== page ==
BALTIMORE — Maryland has the highest incarceration rate for African Americans in the nation, according to a recent report.
Ashley Nellis, senior research analyst for The Sentencing Project and author of the study, pointed out Maryland has a Black population of almost 30%, yet African Americans make up 71% of its prison population.
She attributes the disparity to criminal-justice policies such as excessive sentences for nonviolent drug crimes and noted the state also suffers from what she calls a robust school-to-prison pipeline.
“A lot of students in schools in Maryland come into the criminal justice system through that pipeline of breaking school rules and then becoming involved in the criminal legal system shortly thereafter,” Nellis explained.
Nellis added just last year, Maryland began a pilot program using racial impact statements when considering criminal-justice legislation. It forces lawmakers to consider potential laws in terms of the effect they will have on communities of color, which she thinks will help ease some of the current disparities.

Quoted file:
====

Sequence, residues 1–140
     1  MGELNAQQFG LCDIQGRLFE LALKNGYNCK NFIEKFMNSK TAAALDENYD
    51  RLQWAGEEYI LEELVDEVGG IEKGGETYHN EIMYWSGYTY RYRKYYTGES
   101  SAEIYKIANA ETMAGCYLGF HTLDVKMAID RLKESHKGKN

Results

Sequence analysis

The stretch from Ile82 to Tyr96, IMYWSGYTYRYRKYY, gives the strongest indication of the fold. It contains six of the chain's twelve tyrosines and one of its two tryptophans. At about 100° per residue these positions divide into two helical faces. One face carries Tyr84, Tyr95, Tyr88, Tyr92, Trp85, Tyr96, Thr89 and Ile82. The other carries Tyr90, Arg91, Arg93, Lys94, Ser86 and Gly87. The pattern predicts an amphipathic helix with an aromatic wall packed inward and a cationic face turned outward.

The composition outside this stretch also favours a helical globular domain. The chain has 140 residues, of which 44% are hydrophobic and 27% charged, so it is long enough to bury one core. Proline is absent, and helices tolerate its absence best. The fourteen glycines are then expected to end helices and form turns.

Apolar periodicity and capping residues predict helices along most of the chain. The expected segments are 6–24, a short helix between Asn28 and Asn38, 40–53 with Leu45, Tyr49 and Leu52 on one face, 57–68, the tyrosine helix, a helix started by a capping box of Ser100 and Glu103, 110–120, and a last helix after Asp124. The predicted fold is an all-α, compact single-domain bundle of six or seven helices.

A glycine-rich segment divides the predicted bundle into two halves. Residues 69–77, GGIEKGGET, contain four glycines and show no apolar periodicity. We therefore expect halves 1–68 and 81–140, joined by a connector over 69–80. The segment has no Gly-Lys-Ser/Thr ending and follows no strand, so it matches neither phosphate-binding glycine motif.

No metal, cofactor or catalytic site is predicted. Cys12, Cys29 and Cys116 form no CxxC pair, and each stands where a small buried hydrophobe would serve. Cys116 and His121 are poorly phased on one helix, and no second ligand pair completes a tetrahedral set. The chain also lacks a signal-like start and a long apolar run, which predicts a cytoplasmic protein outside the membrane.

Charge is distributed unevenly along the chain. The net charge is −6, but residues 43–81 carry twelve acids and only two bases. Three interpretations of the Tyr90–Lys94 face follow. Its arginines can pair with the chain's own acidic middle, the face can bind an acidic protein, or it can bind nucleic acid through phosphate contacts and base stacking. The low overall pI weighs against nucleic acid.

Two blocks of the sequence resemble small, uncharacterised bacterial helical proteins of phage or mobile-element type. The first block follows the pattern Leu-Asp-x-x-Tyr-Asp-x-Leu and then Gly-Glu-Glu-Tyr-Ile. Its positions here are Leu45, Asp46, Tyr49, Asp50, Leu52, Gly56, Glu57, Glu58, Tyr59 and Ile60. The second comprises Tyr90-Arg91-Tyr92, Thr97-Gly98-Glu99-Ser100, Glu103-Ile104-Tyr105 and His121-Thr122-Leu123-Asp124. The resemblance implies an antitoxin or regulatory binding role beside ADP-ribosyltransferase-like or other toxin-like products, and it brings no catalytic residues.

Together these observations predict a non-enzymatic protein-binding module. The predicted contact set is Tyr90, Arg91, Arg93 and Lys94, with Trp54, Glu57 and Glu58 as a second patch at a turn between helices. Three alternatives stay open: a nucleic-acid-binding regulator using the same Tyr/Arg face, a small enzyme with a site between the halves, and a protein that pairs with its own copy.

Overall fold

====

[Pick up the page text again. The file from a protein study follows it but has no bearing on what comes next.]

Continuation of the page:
Nellis noted other recommendations to reduce racial gaps in prison include ending mandatory minimum sentencing, which she argued is ineffective at reducing crime. She also suggested decriminalizing low-level drug offenses she contended are more reflective of police activity than criminal acts.
“We know that Blacks are overpoliced,” Nellis asserted. “This sort of levels the playing field for people coming into the criminal legal system later on down the road and face tougher sentences because of those early encounters with police.”
The report also called for ending mandatory minimum sentencing. Nationally, the study found African Americans are incarcerated at almost five times the rate of white Americans. In Maryland, the rate is five to three.